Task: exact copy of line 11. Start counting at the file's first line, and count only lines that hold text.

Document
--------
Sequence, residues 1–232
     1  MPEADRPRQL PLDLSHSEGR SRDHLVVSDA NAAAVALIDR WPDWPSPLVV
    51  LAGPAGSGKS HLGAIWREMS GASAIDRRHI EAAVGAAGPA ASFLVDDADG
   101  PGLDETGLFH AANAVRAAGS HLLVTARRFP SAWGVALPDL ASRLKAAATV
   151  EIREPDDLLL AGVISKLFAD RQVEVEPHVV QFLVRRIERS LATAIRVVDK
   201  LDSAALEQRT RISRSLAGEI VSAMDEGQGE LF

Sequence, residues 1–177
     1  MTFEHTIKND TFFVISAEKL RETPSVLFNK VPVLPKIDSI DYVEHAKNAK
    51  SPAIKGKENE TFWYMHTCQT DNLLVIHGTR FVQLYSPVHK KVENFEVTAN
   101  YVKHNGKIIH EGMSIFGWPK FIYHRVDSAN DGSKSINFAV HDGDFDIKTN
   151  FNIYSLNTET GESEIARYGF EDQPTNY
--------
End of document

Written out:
   151  FNIYSLNTET GESEIARYGF EDQPTNY